"Many patients benefit from THC, and it's our position that doctors should be the ones who are making the decision about dosing rather than lawmakers," said Heather Fazio, director of the Marijuana Policy Project. "We trust doctors with far more dangerous drugs."
Larson’s legislative director Caroline Cone echoed that argument.
"Currently, (medical professionals) can't prescribe it, but they can prescribe opioids which have proven to be much more addictive and damaging long term," Cone said. "Anxiety and pain management for veterans and elderly folks in lieu of opioids was Rep. Larson's motivation to file the legislation."
Larson filed legislation earlier this month aimed at expanding the use of medical cannabis by giving physicians the authority to prescribe cannabis based on their own expertise. In a tweet, Larson justified his bill by saying that medical cannabis can help chronic pain patients reduce opioid dosage by up to 75%.
Preliminary studies suggest a correlation between medical cannabis usage and a reduction in opioid dosage, but researchers note the results are inconclusive and more rigorous testing should be done to know the full effects of medical cannabis on opioid dosage.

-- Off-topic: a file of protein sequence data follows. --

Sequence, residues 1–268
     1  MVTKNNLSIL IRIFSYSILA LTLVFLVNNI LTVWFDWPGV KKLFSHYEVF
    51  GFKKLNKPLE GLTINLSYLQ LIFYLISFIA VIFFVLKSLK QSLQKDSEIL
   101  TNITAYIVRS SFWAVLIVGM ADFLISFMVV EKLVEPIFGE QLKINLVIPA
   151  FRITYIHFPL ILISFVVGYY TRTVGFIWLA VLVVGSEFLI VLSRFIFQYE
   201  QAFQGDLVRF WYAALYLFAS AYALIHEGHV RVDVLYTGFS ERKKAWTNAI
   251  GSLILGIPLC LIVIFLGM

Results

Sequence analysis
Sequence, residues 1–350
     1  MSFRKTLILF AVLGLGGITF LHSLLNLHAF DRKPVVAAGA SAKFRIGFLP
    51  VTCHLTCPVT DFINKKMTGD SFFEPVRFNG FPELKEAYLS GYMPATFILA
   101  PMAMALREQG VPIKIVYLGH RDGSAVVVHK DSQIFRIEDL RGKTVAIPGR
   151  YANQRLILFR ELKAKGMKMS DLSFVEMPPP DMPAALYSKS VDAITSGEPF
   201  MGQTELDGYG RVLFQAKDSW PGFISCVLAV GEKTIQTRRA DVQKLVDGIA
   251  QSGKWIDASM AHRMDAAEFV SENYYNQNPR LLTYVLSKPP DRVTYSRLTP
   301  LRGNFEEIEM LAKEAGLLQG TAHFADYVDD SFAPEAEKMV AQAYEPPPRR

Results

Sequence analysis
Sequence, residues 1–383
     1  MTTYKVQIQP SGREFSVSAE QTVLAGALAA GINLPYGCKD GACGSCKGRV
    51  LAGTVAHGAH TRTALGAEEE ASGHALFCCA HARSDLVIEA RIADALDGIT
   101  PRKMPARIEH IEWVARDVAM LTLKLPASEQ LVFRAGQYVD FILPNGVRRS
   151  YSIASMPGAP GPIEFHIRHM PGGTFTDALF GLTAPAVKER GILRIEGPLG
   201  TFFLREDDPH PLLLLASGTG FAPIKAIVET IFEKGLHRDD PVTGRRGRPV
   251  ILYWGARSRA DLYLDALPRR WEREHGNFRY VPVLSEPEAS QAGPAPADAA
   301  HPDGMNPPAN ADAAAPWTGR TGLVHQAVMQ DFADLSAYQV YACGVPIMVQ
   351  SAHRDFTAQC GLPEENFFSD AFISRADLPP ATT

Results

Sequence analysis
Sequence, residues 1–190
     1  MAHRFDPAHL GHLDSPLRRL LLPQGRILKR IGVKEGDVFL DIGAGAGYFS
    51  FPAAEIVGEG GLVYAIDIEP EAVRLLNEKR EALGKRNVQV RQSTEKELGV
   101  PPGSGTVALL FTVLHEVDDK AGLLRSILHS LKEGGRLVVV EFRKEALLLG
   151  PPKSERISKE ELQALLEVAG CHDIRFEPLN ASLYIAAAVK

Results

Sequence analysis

We rate this claim Mostly True.
Tweet from State Rep. Lyle Larson, Nov. 12, 2020
House Joint Resolution 28, Texas House
Systematic Review, Medical cannabis for the reduction of opioid dosage in the treatment of non-cancer chronic pain: a systematic review, July 28, 2020
EurekAlert news release, Marijuana legalization reduces opioid deaths, Aug. 7, 2019
Texans for Responsible Marijuana Policy, Texas Compassionate Use Program
Interview with Dr. Babasola Okusanya, University of Arizona, Nov. 19, 2020
Interview with Heather Fazio, Director of the Marijuana Policy Project, Nov. 17, 2020
Email with Caroline Cone, Legislative Director for Rep. Lyle Larson, Nov. 16, 2020